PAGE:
teaching methods that literally force children to react physically to what they instinctively
know is harming them. They may not know exactly what it is the teacher is doing that is
harming them. But they certainly know that they are being harmed. How? By the simple
circumstances of their position.

When they entered school at the age of 5 or 6, these children felt very confident, very
intelligent. After all, they had all taught themselves to speak their own language very
nicely without the aid of teachers or school. And when they enter school, they expect to
be able to learn to read with the same competence. And, normally, this is what happens
when they are taught to read phonetically and begin to master our alphabetic system.
If children they are taught to read holistically, mastering our alphabetically written words
becomes a superhuman task. And because the teaching method seems to defy all logic
and common sense, their minds react against such teaching just as their stomachs would
if some sort of poison were eaten. The stomach throws up, rejecting the poison, and I
suspect that ADD is a form of mental rejection of pedagogical poison.

What other defense does the child have against pedagogical poisoning? What Ritalin does
is lower the defense against such poisoning. The child becomes a docile, defenseless
victim of whatever nonsense the teacher is inflicting on the child. And the child is usually
dumped into Special Education for the rest of his or her academic career.

According to Lori and Bill Granger, authors of The Magic Feather: The Truth About
“Special Education”:
“Parents of children in Special Education classes have noticed that their kids become
more and more passive and dependent the longer they are in Special Education. . . .
Special Education teaches kids how to be failures and to live with being failures. It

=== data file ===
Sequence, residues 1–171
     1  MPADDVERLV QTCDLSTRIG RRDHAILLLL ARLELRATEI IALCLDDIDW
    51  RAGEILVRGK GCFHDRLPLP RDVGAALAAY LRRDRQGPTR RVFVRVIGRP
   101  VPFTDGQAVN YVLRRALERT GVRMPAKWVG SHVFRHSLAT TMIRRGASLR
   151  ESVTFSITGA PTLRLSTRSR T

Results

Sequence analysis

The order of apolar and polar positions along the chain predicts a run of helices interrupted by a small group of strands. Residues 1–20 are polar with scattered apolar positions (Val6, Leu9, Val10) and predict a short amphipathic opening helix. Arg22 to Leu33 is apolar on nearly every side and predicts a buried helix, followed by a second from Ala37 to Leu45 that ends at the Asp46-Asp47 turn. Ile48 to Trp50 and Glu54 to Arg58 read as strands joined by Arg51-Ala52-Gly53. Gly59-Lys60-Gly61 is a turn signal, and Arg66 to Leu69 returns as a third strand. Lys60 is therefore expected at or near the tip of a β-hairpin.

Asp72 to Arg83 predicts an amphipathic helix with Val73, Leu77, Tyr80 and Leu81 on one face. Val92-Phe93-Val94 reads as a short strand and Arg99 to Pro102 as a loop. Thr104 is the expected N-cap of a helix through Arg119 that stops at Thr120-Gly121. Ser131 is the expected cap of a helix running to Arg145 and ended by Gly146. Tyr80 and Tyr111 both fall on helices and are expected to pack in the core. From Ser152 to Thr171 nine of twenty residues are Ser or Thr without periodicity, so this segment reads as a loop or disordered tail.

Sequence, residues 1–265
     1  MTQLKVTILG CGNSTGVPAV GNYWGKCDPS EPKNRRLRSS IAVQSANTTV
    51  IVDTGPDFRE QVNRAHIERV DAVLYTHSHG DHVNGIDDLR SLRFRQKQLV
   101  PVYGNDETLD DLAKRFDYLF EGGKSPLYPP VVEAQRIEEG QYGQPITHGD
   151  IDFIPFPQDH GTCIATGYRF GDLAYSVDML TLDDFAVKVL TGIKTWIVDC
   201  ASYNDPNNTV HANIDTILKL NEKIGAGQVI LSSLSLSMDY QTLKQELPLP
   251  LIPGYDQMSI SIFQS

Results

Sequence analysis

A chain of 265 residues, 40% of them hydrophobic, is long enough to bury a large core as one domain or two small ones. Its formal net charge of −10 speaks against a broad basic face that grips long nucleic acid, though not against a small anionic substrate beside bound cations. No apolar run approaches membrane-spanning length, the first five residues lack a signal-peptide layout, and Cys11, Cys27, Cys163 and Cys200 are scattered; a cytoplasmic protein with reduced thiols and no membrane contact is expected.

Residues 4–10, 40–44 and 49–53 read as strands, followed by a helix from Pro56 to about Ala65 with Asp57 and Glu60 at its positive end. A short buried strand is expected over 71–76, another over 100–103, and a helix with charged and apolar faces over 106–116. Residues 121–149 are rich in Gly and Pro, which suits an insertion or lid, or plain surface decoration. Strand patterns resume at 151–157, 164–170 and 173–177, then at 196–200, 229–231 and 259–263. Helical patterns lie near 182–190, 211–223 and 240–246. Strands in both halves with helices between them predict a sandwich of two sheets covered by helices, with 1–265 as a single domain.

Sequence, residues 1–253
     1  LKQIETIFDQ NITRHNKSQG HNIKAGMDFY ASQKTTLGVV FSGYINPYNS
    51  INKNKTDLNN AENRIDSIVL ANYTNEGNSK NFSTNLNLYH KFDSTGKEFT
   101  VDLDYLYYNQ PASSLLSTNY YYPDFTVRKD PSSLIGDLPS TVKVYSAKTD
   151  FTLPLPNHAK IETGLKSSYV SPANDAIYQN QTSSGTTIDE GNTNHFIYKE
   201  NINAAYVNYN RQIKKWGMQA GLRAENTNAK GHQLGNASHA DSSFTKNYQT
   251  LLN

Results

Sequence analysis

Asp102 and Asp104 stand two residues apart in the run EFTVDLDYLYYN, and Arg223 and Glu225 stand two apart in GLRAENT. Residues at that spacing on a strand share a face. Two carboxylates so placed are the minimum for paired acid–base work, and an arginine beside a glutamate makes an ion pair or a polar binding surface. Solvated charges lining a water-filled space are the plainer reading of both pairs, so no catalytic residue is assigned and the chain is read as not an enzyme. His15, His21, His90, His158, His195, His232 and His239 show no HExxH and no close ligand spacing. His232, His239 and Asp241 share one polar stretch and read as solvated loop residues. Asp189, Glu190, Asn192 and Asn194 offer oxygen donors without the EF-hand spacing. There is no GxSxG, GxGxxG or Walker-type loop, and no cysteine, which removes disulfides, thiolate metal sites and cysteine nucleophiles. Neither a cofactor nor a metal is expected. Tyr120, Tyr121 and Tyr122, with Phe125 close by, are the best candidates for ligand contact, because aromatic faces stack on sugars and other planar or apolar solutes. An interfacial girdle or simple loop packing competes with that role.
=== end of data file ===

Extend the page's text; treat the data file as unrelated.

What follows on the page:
segregates kids from “normal” kids by putting special labels on them, putting them in
separate classrooms, putting them in separate schools, and making certain that not too
much is ever asked of them or expected of them. . . .
“Evidence for a “neurological” basis for LD is vague at best. . . . Some of the more
revered books in this field, which purport to convey “facts” on the “neurological” basis of
learning disabilities, are nothing more than wishful thinking. . . . Education trade journals
are full of debates about learning disabilities that would shock parents of children who
have been routinely labeled LD.”

Fortunately, homeschoolers are in the best position to guard their children against the
kind of pedagogical poisoning that is turning millions of normal children into LDs. They
can begin teaching their children to read phonetically as early as the child wishes. Above
all, they must avoid having their preschoolers memorize words holistically without any
knowledge of the letter sounds. If you tell children that letters stand for sounds, they will
begin to understand what our alphabetic system is all about.
Samuel L. Blumenfeld is the author of six books on education, including How to Tutor
and Alpha-Phonics, which are widely used by homeschoolers in teaching their children to
read phonetically. His book on the reading problem, The New Illiterates, revealed for the
first time the true origin of look-say: Rev. Thomas H. Gallaudet’s method of teaching the
deaf to read. Dr. Blumenfeld has spoken at many homeschool conferences and is a
frequent guest on radio talk shows. He holds a Bachelor of Arts degree from the City
College of New York, an honorary Doctor of Laws degree from Bob Jones University,
and publishes the monthly Blumenfeld Education Letter.  (Sam passed away in 2015 but his vital work lives on.)